The New York State Society of Public Accountants, the oldest state accounting association, representing approximately 30,000 CPAs, has offered certain suggestions regarding pending legislation in Congress affecting estate planning-- specifically emphasizing the pressing need for certainty and ease of administration with respect to the transfer tax.

We all know that CPAs are asked frequently to advise clients on the effects of their financial and transactional planning on the taxability of their estate but as the Society points out, without legislation to clarify the long-term tax treatment of estates, planners are subject to trying to foretell what regime the Congress and the Executive Branch are ultimately likely to decide. "This situation does not foster confidence in our system of taxation; nor does it allow professionals such as CPAs to serve their clients most effectively."

For one, the Society feels a need for certainty in order to plan successfully for those taxpayers and their businesses and families in order to comply with the law. "We need certainty as it pertains to the structure of the transfer tax regime, the rates and the exemption level, and effective dates so that resources are not wasted planning for a tax that may not apply." In that regard, the Society says that it is necessary to engage in economically efficient planning in order to plan properly for funding of the estate tax in situations in which a tax will apply. "The more complexity that exists, the more the taxpaying public is left unsure that their estate plan will prove sufficient."Next, there is a need for ease of administration. The Society notes that resetting the tax basis of assets upon death to fair market value is a critical component of current law that must be retained. "Any alternative would create chaos and a tremendous administrative burden with respect to assets that have been acquired by the decedent prior to the implemented change." Without a step-up in basis, the Society argues, a large number of taxpayers would not have the historical cost information required to comply with a carryover basis regime. "Carryover basis is likely to lead to taxpayers, in good faith, simply guessing at their cost bases with no real proof or substantiation. In addition, it could lead to a significant tax increase on those who acquire property from any estate (regardless of size) by requiring income taxes to be paid on pre-estate appreciation for disposed-of property."The Society commends the effort in current legislative proposals to create certainty in the transfer tax area while retaining a "stepped-up" basis in the proposed legislation. It also makes specific comments, such as:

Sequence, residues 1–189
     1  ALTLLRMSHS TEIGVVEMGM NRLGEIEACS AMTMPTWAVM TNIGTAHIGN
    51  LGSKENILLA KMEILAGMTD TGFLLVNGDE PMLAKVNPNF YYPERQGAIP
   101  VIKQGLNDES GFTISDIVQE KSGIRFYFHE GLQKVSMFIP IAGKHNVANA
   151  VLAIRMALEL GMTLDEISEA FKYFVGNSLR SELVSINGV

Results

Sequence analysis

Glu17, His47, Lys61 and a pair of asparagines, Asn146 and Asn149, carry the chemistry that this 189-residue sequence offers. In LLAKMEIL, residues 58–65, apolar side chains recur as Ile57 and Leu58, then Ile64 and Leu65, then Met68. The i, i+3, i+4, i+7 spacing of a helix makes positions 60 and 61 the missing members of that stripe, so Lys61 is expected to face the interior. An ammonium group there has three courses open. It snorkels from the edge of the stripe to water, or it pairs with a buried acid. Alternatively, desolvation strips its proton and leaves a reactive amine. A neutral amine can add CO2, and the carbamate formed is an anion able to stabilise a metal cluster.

• Estate Tax Exemption: "We applaud recent proposed legislation for its recognition of the need for the exemption level to be readjusted upward seriously and permanently. While we are not wedded to the $5 million amount proposed (because we consider the $3.5 million that some have proposed also to be reasonable), it is important that the exemption be raised to a reasonable level."
  • Certainty in Rates: "We urge that the transfer tax rates also be set with certainty rather than annual adjustments, or by reference to capital gains rates. If the estate tax rates were tied to the then prevailing capital gains rates, more uncertainty would result because we have experienced several changes to the capital gains rate in the past and it may well change again over time. It is a frequent element of proposed tax legislation."
  • Portability of Estate Tax Exemption: "The portable spousal exemption is a necessary element of estate planning, and we support legislation that reflects this need. A husband and wife should not have to go through the time, expense and effort to split assets solely to utilize their respective estate tax exemptions. A surviving spouse should be allowed to employ the unused exemption of the decedent spouse. Congress should not penalize a couple that chooses not to separately re-title ownership of its assets, as is the current circumstance. We recognize that Congress may determine it appropriate to place limits upon the portability of the estate tax exemption between spouses in the case of multiple marriages."
  • Benefit of Having Unified Estate, Gift and GST Tax Exemptions: "U.S. taxpayers need consistency and uniformity similar to that which we have experienced under prior law. The public will have certainty that will aid it in planning as well as an understanding of the system. There should not be a difference in transfer tax treatment if one makes gifts during his or her lifetime versus at the time of death."
  • Proposed Repeal of the State Estate Tax Deduction: "Under the proposed legislation, there is no Federal deduction for state estate tax paid or incurred. We believe that repeal of this deduction (or credit under pre-2001 law) will result in a disproportionate disadvantage to New York resident decedents, and urge that this particular provision of the current proposal not be adopted."

Register or login for access to this item and much more

All Accounting Today content is archived after seven days.

Community members receive:
  • All recent and archived articles
  • Conference offers and updates
  • A full menu of enewsletter options
  • Web seminars, white papers, ebooks

Don't have an account? Register for Free Unlimited Access